Step 3:

Take the fish out. The best fish, is a freshly caught fish. If you’re working with frozen fish just take it out, don’t bother thawing it since it'll thaw very quickly once you start cooking it.

Step 4:

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Set your stove to medium. Place a little oil (about 1 or 2 tbsps.) in your pan (ideally non-stick) with about ¼ tsp salt and then throw the fish in.

Step 5:

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Don't step away to watch tv yet, fish cooks and burns pretty fast if your not paying attention.

Fish is so naturally full of water that you really need to let it all evaporate (unless it’s cut fresh) before you can start to fry it but not to worry, this will cook your fish more efficiently and uniformly. So leave this lid off while your cooking after the thaw, to allow for evaporation.

Step 6:

The fish is cooked once the fish turns from an almost translucent texture to an opaque or white meaty look. At this point you can go ahead and eat it if you want or really need to but most people (myself included) prefer a little more of a cooked taste which is more flavourful.

Step 7:

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When the bottom of the pan is browned, it’s a good indication that not only is all the water gone but underneath the fish should be browned to the same color that you see beside it.

Step 8:

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It’s around this time that you have to flip the fish to fry the other side. So slowly work your spatula flat around and under the edges of the fish and flip that flounder strait over. At this point the frying should be curling the edges of the fish upwards giving kind of a skirt to pull up.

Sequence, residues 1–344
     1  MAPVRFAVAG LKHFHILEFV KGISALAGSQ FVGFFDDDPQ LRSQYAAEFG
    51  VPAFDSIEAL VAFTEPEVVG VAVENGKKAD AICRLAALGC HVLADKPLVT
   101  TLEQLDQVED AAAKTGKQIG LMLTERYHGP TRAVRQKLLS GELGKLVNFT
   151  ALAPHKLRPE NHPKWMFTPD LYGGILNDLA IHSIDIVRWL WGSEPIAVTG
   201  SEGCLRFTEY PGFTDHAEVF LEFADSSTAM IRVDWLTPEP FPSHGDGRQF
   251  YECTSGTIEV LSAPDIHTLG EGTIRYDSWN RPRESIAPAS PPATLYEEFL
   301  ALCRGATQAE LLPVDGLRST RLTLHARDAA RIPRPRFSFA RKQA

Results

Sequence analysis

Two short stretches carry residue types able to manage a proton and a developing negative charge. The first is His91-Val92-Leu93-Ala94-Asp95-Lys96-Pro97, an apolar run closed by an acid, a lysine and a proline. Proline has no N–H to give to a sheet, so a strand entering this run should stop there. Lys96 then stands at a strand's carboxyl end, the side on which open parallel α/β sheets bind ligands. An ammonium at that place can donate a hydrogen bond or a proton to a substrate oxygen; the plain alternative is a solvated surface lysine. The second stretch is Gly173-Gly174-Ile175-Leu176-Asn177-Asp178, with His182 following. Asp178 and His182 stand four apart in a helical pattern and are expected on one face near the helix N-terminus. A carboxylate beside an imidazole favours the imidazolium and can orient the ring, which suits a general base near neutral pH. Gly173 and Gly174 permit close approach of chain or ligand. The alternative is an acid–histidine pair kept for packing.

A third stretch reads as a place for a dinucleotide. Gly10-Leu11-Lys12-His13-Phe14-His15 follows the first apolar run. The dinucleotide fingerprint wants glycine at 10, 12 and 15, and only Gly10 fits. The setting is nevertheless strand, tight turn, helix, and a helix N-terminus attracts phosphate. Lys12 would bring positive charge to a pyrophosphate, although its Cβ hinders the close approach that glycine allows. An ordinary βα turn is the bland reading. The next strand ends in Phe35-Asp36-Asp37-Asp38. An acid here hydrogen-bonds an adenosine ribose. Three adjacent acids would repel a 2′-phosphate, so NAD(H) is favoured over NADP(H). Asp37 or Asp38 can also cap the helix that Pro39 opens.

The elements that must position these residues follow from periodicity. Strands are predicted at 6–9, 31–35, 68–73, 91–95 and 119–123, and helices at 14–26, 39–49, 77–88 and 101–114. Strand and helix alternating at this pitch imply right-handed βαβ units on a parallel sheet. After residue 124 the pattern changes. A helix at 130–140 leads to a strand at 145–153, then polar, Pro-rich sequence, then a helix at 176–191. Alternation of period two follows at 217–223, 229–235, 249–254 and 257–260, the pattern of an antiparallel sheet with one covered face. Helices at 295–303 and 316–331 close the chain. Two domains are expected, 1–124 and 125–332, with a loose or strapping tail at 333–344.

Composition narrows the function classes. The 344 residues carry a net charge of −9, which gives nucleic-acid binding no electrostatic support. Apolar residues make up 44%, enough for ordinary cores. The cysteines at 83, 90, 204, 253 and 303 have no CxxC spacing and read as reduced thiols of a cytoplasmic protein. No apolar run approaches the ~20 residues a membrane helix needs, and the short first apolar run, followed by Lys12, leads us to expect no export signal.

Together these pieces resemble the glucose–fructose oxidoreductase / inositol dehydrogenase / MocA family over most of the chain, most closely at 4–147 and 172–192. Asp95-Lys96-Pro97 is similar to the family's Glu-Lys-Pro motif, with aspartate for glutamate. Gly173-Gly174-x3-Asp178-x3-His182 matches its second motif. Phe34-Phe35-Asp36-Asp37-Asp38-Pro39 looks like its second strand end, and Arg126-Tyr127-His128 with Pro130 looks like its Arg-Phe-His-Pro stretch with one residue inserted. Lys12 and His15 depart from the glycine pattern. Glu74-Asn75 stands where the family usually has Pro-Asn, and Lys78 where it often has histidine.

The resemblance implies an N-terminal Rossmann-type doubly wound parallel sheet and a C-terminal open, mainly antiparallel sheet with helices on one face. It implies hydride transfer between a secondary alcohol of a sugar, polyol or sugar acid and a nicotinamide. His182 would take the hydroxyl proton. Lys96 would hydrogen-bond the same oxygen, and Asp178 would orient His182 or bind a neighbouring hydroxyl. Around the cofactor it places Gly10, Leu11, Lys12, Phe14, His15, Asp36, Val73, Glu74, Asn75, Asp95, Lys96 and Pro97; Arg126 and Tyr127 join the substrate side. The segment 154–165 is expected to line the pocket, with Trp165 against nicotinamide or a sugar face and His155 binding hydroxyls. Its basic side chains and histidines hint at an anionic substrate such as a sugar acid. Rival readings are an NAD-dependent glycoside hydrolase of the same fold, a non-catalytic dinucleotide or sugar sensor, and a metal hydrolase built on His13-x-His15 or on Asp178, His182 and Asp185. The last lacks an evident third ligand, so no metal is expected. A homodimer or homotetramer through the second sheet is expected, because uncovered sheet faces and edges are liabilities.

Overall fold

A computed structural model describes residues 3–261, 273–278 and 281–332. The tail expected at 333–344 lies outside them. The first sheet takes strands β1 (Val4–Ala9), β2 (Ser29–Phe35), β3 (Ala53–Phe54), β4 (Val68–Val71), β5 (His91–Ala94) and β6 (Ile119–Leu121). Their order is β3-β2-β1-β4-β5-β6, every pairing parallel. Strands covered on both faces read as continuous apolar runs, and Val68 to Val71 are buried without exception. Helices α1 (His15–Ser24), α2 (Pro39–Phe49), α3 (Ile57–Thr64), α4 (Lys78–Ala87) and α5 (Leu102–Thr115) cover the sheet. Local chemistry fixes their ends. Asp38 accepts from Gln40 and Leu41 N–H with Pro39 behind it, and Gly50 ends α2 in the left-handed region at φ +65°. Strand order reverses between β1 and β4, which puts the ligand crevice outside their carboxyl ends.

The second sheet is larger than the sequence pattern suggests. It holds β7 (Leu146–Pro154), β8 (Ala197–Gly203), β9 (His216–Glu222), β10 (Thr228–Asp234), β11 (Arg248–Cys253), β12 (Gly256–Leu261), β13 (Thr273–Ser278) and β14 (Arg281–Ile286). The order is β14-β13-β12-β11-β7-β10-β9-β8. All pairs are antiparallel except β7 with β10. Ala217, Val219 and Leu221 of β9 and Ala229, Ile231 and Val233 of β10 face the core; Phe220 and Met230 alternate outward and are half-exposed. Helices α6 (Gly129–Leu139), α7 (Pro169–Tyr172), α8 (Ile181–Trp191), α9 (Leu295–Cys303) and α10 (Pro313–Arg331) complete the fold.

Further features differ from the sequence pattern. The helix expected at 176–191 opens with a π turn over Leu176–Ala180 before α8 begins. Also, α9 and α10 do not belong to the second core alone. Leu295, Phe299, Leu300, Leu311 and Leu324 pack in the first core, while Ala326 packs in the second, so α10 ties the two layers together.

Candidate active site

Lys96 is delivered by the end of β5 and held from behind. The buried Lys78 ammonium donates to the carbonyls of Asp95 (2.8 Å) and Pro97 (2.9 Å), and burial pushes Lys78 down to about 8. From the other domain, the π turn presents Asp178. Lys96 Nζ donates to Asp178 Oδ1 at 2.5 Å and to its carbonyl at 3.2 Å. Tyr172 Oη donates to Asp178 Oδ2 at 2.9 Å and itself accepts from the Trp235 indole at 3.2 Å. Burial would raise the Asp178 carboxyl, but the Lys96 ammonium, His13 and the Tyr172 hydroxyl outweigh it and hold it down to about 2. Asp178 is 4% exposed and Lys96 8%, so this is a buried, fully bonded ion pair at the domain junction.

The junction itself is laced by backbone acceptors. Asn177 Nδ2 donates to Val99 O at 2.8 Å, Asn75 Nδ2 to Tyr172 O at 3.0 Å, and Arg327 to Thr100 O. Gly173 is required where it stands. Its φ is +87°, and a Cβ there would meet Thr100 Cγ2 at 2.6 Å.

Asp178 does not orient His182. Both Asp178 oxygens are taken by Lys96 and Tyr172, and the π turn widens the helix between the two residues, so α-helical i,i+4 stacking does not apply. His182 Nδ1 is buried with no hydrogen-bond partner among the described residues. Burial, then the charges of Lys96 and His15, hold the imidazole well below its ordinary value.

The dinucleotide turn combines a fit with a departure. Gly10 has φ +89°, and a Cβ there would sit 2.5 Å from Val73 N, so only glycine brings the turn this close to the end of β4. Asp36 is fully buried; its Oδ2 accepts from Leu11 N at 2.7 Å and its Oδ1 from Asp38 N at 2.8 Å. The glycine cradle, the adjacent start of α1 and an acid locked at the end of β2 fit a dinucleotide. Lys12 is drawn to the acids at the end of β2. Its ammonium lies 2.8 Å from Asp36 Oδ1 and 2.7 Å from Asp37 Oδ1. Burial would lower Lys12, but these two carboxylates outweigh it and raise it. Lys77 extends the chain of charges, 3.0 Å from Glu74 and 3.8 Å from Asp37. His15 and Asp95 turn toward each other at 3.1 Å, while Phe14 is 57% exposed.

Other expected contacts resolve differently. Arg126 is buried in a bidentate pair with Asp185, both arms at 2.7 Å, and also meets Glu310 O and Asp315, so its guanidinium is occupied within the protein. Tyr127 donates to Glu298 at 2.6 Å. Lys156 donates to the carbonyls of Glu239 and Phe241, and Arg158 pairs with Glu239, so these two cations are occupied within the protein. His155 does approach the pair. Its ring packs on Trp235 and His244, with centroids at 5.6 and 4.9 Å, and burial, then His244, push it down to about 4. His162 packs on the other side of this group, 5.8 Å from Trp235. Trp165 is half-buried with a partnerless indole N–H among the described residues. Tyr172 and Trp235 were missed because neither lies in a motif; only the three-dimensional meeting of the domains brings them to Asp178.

Step 9:

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Now that your fish is flipped you could keep cooking for 2 to 3 minutes and then serve it up to eat or you can turn off the stove and just let the residual heat left from the pan and element cook the rest of the fish while you prepare the rest of the meal.

Step 10:

The rice should be ready right about now, so it would be a good idea to place some on a dish till you’re happy with your fish.

Step 11:

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Now serve up your fish and enjoy!

Step 12: Closing Words

Despite what people say (IMHO), frying your food in a little oil isn’t bad

for you, it’s when you cook with it too much or use too much oil it could cause health problems. It’s important to remember though that sometimes the best things are very basic with few ingredients.

Comments

graydog111 (author)2015-10-11

Have you tried Swai? I have been pan frying it for about 2 years & it is the only fish I really love. Much better than Tilapia. We use a little Tartar sauce or Balsamic vinegar on it.

dessert1st (author)2015-08-11

Are you sure you are t from Hawaii? Cause that's a staple there. I like to put my fish in a make shift Korean sauce. Shoyu (soy sauce), sugar, crushed garlic, green onion. Heat it up in the microwave for 1 min 30 sec and dip it in there when your finish cooking. It's good stuff.

grid001 (author)dessert1st2015-08-12

Thanks.